A recent decision of the King’s Bench Division of the High Court has illustrated the importance of correctly paying court fees and making applications promptly.
In Peterson & Anor v Howard De Walden Estates Limited  EWHC 929 (KB) Mr Justice Eyre dismissed the appeal against Recorder Hansen’s decision that a failure to pay the correct Court fee was an error the Court could remedy.
In terms of the background, the Claimants sought to make an application for an order under Section 48(3) of the Leasehold Reform, Housing & Urban Development Act 1993. This is an application whereby the tenant can apply to court for an order once terms of acquisition have been agreed. It is a strict deadline and if no application is made by the deadline the tenant’s claim is deemed withdrawn.
The solicitors’ letter accompanying the claim form authorised the court to deduct a fee of £308. This was an unfortunate error, as the correct court fee was £332 (it had recently increased from £308). By the time the court wrote to the Claimant’s solicitors to inform them of the error, the deadline had passed and the application could no longer be made. The Claimants applied to Court on the basis that there had been an error in procedure and asked the court to remedy this pursuant to CPR 3.10.
CPR 3.10 states:
Where there has been an error of procedure such as a failure to comply with a rule or practice direction –
- the error does not invalidate any step taken in the proceedings unless the court so orders; and
- the court may make an order to remedy the error.
Recorder Hansen dismissed the application and concluded that the Court did not have jurisdiction under CPR 3.10 to remedy the under payment. The recorder gave permission for the decision to be appealed to the High Court.
Mr Justice Eyre considered the law in detail and upheld the decision of the recorder. The Judge held that CPR 3.10 did not apply to matters occurring before the commencement of proceedings. The Judge stated at paragraph 58 of his Judgment:
“In relation to the circumstances of this case an error of procedure does not include a failure to pay a court fee needed to initiate proceedings…”.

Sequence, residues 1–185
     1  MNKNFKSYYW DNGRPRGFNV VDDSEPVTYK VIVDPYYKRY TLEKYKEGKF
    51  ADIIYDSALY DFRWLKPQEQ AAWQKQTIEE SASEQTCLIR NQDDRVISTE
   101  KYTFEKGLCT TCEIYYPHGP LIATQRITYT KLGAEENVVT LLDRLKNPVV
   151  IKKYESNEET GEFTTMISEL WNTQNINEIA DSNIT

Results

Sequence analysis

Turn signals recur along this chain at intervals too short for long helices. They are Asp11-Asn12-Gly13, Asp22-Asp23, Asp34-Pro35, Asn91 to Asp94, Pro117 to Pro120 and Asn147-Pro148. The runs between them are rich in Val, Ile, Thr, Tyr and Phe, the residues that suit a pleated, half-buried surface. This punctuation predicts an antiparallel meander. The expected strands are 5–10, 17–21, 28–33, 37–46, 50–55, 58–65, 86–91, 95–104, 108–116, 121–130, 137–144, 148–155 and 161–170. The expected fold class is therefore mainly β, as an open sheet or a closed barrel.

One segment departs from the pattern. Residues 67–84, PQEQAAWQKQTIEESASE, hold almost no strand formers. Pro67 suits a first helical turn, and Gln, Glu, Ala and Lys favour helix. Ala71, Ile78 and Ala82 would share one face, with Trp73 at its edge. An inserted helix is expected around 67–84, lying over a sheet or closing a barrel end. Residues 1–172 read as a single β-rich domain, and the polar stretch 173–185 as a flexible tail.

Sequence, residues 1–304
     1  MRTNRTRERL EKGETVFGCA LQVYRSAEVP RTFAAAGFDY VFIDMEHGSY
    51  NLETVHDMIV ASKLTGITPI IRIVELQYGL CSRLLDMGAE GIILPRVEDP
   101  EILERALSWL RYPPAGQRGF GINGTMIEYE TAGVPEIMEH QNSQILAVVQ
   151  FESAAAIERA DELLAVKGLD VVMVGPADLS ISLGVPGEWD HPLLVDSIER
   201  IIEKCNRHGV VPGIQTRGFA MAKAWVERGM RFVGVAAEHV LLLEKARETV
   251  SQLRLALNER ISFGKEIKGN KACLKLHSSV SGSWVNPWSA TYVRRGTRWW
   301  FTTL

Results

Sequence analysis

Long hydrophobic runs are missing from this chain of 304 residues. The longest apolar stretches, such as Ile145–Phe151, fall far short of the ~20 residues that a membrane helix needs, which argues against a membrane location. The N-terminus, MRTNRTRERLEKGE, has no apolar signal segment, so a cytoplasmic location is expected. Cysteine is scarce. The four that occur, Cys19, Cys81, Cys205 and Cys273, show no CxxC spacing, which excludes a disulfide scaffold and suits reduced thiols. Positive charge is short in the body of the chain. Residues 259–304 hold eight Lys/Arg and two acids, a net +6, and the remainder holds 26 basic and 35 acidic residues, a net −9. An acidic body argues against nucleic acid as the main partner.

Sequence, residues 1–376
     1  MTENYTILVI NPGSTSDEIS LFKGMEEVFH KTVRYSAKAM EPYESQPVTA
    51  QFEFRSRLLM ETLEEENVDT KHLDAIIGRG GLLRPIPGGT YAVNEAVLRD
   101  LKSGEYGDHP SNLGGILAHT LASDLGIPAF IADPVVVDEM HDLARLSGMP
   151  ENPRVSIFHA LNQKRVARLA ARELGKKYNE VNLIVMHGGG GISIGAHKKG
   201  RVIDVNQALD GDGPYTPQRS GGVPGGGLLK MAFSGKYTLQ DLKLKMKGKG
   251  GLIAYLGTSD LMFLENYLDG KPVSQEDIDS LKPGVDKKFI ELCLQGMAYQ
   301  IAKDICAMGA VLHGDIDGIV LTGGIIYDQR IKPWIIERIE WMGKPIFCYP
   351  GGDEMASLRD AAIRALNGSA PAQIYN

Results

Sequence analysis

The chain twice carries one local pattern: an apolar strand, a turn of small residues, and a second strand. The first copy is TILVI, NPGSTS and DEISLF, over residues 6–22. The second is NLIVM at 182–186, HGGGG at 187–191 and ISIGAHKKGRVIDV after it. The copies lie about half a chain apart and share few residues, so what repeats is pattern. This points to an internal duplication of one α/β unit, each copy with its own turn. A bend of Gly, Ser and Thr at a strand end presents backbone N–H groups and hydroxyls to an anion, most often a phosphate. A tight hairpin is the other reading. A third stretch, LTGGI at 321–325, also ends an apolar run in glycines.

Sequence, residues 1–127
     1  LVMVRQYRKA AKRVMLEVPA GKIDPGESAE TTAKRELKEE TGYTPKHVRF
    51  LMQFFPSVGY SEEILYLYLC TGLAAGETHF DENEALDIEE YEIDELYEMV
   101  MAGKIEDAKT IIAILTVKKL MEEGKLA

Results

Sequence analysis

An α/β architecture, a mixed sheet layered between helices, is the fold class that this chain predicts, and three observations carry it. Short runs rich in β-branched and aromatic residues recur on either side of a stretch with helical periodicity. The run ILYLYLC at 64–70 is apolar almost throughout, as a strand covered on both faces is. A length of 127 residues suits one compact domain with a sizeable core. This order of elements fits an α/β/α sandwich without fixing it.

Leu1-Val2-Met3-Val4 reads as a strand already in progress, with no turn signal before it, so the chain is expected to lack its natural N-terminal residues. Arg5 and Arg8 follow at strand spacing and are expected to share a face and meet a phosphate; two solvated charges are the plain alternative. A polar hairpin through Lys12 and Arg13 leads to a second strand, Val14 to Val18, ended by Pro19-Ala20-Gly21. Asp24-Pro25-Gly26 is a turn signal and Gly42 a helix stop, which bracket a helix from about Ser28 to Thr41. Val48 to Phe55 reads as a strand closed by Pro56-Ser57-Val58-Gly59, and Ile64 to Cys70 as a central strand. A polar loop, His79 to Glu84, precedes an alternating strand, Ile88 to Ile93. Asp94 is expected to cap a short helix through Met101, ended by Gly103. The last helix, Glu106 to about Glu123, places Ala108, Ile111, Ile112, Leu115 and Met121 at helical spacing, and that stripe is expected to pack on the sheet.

The decision can be seen as being harsh to the Claimants, who will have lost the right to a new lease because of an underpayment of a court fee of £24.
The deadline for the Claimants to issue their claim was 25 March 2022. On 23 March 2022 the Claimants’ solicitors posted the claim form through the court post box with a covering letter stating that £308 could be deducted.
The claim form was returned by the court to the Claimants’ solicitors on 24 March 2022, with a covering letter which stated:
“The new claim processing fee is £332 and not £308 so the court cannot process your new claim with the old fee”.
The Claimants solicitors received the letter on 30 March 2022 and issued the application on 31 March 2022 which came before the recorder. By the time they received the letter, the deadline of 25 March 2022 had elapsed.
While harsh, Mr Justice Eyre pointed out that the Claimants had left matters right to the end of the time period to issue their claim. The Judge stated at paragraph 61 of his detailed judgment:
“….the difficulties which arose are precisely the kind of matters which will only cause insuperable problems when a party is seeking to make an application at the end of a time period. If the claim form and covering letter had been submitted even only a few days earlier there would have been time before the end of the necessary period to remedy the deficiency in the fee proffered. Moreover, the correct court fees are a matter of public record. One can well understand how the error arose but the position remains that the error was made because the Claimants’ solicitors were working on the basis of a fee scale which had been superseded some six months previously”.
The courts have often had little sympathy for those leaving matters to the cusp of deadlines. The salutary lesson is never to leave issuing proceedings until just before the deadline and always check the correct court fee using the most up to date Civil and Family Court Fees Guide.